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Tick Talk

beagle scratching

It seems we hear more and more about the danger of ticks every year and the havoc they wreak on humans and pets alike. 

Ticks are not insects. Having eight legs, they are arachnids, more closely related to scorpions and spiders than insects. Ticks are ectoparasites (parasites that live on the outside of its host) and live by feeding on the blood of mammals, birds and occasionally reptiles and amphibians.

Lifecycle of a Tick

Ticks have a four-stage lifecycle. They begin as eggs in a cool, moist environment. The eggs hatch into six-legged larva that congregate in groups around vegetation and wait for a small rodent or other host to pass by.  After a blood meal, the larva drops onto the ground and molts into an eight-legged nymph. The nymph also waits for a host, takes a blood meal and drops off onto the ground to molt into the final adult stage. Adult ticks seek out a third host, take a blood meal, mate, and drop off to lay 3000 to 6000 eggs, and the cycle starts over again. For the Blacklegged or Deer tick (Ixodes scapularis), this cycle takes about two years.  Although ticks prefer moist environments and dry out in the sun, they are very hearty in cold weather. Adult Deer ticks are not killed by freezing temperatures and will be active any winter day when ground is not frozen or snow covered.

Controlling these pesky critters is important because they carry disease organisms that can affect us and our pets. These include Lyme disease, Ehrlichia, Anaplasma, Babesia, and possibly Bartonella, the causative organism of some chronic inflammatory diseases in cats and Cat Scratch Fever in people. We can only prevent one of these diseases by vaccination, Lyme disease. For Lyme disease, vaccination is only considered a secondary method of control. The primary method is tick control, therefore it is important to have a good tick control program in place.

Tick Control and Prevention

Tick prevention is about controlling ticks on your pet and in their environment. There are many tick control products on the market for pets. They come in topical or oral products or as collars. Most of these products do not repel ticks but will kill them within 24 hours of attaching to your pet. This is important because ticks need to feed for at least 24 hours before they can transmit Lyme disease to your dog. However, some diseases such as Anaplasma can be transmitted in a matter of a few hours of feeding, so it is important to also control ticks in the environment before they can attach to your pet.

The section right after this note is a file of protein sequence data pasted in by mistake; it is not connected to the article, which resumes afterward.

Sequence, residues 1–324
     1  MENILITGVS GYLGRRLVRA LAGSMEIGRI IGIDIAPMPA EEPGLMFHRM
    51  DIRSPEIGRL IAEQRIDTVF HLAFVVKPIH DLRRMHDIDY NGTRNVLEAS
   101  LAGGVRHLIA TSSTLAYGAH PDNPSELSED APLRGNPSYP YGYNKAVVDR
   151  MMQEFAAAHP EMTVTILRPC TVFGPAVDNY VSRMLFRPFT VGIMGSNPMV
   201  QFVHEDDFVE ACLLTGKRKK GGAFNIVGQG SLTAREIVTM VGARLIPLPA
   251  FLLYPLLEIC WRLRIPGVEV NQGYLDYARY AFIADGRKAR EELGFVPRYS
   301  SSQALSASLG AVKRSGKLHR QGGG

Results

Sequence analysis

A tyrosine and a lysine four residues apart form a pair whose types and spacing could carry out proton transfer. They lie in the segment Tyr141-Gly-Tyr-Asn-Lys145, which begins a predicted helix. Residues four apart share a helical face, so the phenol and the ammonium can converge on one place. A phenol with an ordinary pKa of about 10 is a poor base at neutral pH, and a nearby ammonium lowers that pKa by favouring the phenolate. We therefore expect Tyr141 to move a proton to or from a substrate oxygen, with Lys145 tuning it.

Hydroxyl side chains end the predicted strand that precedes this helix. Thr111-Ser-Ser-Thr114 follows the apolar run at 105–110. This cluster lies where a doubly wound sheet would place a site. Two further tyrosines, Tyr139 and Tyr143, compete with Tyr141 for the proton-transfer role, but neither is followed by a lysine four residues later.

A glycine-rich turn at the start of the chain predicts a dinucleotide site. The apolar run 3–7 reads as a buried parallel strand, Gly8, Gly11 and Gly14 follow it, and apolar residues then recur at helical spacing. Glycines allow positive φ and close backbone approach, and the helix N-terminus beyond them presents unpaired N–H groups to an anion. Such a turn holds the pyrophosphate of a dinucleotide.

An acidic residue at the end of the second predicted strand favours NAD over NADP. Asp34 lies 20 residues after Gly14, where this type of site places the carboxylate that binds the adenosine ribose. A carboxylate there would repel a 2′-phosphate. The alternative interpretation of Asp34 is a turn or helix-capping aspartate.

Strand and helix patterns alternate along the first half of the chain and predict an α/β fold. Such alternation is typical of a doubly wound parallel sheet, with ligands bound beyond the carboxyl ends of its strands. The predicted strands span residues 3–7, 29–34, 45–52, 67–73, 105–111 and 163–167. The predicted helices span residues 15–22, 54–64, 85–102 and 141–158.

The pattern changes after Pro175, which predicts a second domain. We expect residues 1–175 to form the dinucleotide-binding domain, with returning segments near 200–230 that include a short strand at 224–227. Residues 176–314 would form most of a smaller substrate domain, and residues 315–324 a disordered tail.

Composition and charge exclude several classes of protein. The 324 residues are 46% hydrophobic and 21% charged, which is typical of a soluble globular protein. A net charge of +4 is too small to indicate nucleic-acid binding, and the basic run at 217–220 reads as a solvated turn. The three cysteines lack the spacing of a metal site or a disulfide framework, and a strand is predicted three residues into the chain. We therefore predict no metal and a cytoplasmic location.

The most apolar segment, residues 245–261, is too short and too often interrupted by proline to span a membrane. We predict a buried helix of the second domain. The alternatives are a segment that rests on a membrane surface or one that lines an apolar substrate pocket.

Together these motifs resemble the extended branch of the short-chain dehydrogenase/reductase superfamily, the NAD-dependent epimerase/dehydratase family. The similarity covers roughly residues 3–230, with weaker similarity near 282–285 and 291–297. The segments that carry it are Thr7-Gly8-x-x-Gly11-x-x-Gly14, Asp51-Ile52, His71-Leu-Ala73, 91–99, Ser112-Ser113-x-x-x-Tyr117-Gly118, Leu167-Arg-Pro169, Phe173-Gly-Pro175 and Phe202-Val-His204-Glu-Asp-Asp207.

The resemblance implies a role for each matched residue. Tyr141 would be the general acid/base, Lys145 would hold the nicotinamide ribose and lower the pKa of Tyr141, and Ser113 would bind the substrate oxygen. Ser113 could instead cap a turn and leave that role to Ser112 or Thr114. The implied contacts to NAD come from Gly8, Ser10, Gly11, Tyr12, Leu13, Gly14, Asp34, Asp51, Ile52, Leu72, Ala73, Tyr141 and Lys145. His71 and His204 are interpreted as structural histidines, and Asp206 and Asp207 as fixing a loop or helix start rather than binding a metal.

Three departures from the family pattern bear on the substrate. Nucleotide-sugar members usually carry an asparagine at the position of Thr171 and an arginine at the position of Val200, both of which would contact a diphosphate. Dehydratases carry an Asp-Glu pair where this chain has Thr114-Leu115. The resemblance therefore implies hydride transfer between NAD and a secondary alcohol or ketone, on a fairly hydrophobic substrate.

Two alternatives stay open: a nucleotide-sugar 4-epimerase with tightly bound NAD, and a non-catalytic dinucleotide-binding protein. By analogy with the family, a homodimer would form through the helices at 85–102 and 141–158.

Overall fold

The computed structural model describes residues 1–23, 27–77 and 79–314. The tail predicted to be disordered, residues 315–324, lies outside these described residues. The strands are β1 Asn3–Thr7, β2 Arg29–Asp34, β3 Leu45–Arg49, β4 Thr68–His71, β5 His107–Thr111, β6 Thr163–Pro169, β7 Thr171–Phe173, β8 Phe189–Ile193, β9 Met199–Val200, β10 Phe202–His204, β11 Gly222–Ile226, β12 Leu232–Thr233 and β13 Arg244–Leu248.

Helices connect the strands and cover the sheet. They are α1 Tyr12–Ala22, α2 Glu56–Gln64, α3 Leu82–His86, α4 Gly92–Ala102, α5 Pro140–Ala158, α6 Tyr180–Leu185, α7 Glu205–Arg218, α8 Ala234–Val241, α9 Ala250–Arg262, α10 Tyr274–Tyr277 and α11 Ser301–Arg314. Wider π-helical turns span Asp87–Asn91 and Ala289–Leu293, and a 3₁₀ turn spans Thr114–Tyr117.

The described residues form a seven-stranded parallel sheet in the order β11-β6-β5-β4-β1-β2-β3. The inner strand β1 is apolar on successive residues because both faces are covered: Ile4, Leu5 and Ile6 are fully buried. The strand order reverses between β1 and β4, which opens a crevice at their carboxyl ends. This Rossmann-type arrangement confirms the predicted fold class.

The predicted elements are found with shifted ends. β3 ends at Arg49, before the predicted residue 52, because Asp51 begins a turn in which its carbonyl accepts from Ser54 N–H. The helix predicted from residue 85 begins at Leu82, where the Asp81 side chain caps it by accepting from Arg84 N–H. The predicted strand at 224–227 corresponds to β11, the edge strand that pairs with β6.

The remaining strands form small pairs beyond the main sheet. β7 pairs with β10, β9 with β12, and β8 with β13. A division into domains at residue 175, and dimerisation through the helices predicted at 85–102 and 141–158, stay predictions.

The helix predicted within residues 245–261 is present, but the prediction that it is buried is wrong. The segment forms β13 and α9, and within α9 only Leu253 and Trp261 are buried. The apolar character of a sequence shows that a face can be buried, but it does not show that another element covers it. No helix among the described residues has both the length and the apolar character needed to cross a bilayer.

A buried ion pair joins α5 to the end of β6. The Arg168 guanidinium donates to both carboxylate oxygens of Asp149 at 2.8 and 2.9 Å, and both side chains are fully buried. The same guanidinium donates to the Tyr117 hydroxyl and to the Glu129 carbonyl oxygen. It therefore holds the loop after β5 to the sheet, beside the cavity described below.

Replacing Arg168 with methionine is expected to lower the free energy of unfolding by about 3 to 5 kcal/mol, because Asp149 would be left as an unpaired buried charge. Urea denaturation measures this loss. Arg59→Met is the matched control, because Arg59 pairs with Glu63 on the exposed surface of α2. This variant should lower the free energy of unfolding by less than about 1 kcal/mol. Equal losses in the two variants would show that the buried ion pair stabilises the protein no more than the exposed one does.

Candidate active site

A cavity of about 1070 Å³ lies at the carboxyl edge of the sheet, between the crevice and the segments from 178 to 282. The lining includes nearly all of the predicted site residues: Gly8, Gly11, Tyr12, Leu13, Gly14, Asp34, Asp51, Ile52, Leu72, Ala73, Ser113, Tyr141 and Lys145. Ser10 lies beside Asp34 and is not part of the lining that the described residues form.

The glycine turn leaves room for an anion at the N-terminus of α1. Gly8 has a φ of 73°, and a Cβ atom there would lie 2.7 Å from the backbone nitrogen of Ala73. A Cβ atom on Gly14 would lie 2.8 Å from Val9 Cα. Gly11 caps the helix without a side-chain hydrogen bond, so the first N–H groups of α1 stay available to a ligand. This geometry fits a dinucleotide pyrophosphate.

Controlling the outdoor environment is more difficult. From the tick lifecycle, we know that they need a cool, damp environment to develop from one stage to the next or they will dry out and die. Much like vampires of the classic Hollywood movies, sunlight is their enemy.  Consider these options to keep ticks out of your yard.

  1. Keep your lawn cut short so ticks have no protection from the sun.
  2. Fence off shade producing ornamental shrubs around the house and shaded areas under porches and decks.
  3. Cut unnecessary or low hanging branches on larger trees to allow the sunlight in.
  4. Walk your dog at least 3 feet from the edge of the woods or brush. Shade-loving ticks will usually not venture more than 3 feet from the edge of the woods into sunny areas.
  5. If you need to use an acaricide on your lawn, read the label carefully to be certain it is safe for your pets.  Remember this is a temporary solution since most outdoor treatments will give you a quick knock down but will not last very long due to degradation from sunlight or being washed away by rain. Squirrels, chipmunks and other rodents can also bring ticks back into your home environment after treatment.

Cats and Ticks

When we talk about tick diseases, we generally think about dogs being at risk, but cats are susceptible to tick borne diseases as well. Cats can contract Cytauxzoonosis, Tularemia, Haemobartonella, Babesia, Ehrlichia, and possibly Bartonella from ticks. These diseases can be severe, requiring hospitalization and in some patients, may even be fatal. Cats are particularly sensitive to some of the tick control products used on dogs.  Never use a product intended for a dog on cats, it can be potentially fatal. Read the label carefully and only use feline safe products.

How to Safely Remove Ticks

If you find a tick attached to your pet, it should be removed immediately.  Using a pair of tweezers or a commercial tick remover (O’Tom Tick Remover®, Tick Twister®), grasp the tick head near the skin and use gentile traction to remove, or “unscrew” the tick by rotating counter clockwise.  Try not to squeeze the tick’s body as this may expel disease causing organisms into the bite wound. Folklore remedies like touching the tick with a hot match or smothering it with Vaseline® or mineral oil are not recommended, as these remedies may also cause the tick to vomit into the bite wound as it dies. Also do not handle the tick with ungloved hands as disease causing organisms can gain access through open wounds or cracks in your skin.

As always, questions about the benefits and use of specific tick control products should be discussed with your veterinarian.